From 2009-2015, he served as the Chair of the Division of Engineering and Applied Science (EAS) at Caltech. This position is the equivalent to that of "Dean" of the school of engineering in other major universities. As Chair of the EAS Division, he presided over the largest of the six academic divisions at Caltech which has more than a third of the Institute’s faculty and forty percent of the entire student and postdoctoral fellow population. The EAS division is an elite organization which has been highly ranked by both US and International bodies including The Times Higher Education World University's rankings. They have ranked Caltech as No.1 in the specific subject of Engineering and Technology for the 2010-2011, 2011-2012 and 2012-2013 academic years. Since 2011 they also rank Caltech, as a whole, as the No.1 university in the world. Over the years eight members of the division's faculty have either won the US National Medal of Science or the National Medal of Technology, thirty percent of the faculty are members of the National Academy of Engineering (NAE) eleven percent are members of the National Academy of Science and sixteen percent are members of the American Academy of Arts and Sciences (AAAS).
Prior to being the Division Chair, of the Engineering and Applied Science Division, between 2004 and 2009, Rosakis served as the fifth Director (department head in other institutions) of the historic Graduate Aerospace Laboratories (GALCIT) formerly, known as the Guggenheim Aeronautical Laboratories.
This historic organization was established by Theodore von Kármán, the legendary rocket scientist, who was GALCIT's first Director. GALCIT is also the mother institution of Caltech's and NASA’s Jet Propulsion Laboratory (JPL). Eighty years after its founding and during the second year of Rosakis’ directorship, GALCIT regained its position as the 1st ranked aerospace department in the US (US News and World Report), and subsequently shared this place with MIT's Department of Aeronautics and Astronautics, a department roughly 5 times its size. GALCIT boasts a number of illustrious alumni who have had worldwide impact in academia, science and technology and politics. Amongst them are the father of the modern Chinese Space Program, former GALCIT professor, Tsien Hsue-Shen, and Indian Aerospace Research pioneer Professor Shatish Dhawan.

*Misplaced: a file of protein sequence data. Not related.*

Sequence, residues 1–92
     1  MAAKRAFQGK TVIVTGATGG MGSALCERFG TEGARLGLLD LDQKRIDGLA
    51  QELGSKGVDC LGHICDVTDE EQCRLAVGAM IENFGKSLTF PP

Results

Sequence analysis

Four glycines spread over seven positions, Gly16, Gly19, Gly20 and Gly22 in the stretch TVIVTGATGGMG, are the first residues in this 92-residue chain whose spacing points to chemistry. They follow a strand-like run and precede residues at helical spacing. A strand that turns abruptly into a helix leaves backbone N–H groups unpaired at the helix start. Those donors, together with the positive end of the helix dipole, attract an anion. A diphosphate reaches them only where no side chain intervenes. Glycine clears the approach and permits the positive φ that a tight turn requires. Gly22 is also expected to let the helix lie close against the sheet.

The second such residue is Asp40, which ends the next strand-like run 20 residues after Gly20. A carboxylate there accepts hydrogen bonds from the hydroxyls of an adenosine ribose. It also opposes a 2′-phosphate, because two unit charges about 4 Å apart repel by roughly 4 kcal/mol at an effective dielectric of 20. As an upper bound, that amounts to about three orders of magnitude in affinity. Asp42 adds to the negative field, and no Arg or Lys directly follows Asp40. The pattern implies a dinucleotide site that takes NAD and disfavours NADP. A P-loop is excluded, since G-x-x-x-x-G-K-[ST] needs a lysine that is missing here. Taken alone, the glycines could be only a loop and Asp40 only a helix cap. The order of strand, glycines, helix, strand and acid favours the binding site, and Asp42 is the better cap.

In 2005, Rosakis was a Visiting Professor in the Department Terre Atmosphére-Océan, École Normale Supérieure Paris, France. In 2008, he was awarded the Astor Visiting Professorship by the University of Oxford and was asked to serve as a presidential nominee to the MIT Corporation Visiting Committee for the Department of Aeronautics and Astronautics. He is also a past Chairman of the Fracture & Failure Mechanics Committee of the Applied Mechanics Division (AMD) of the American Society of Mechanical Engineers (ASME), a Fellow of ASME, of SEM, and a Fellow of the New York Academy of Sciences. He is also a past Chairman of the Executive Committee of the Applied Mechanics Division (AMD) of ASME, and a member of the Advisory Council of the Jet Propulsion Laboratory.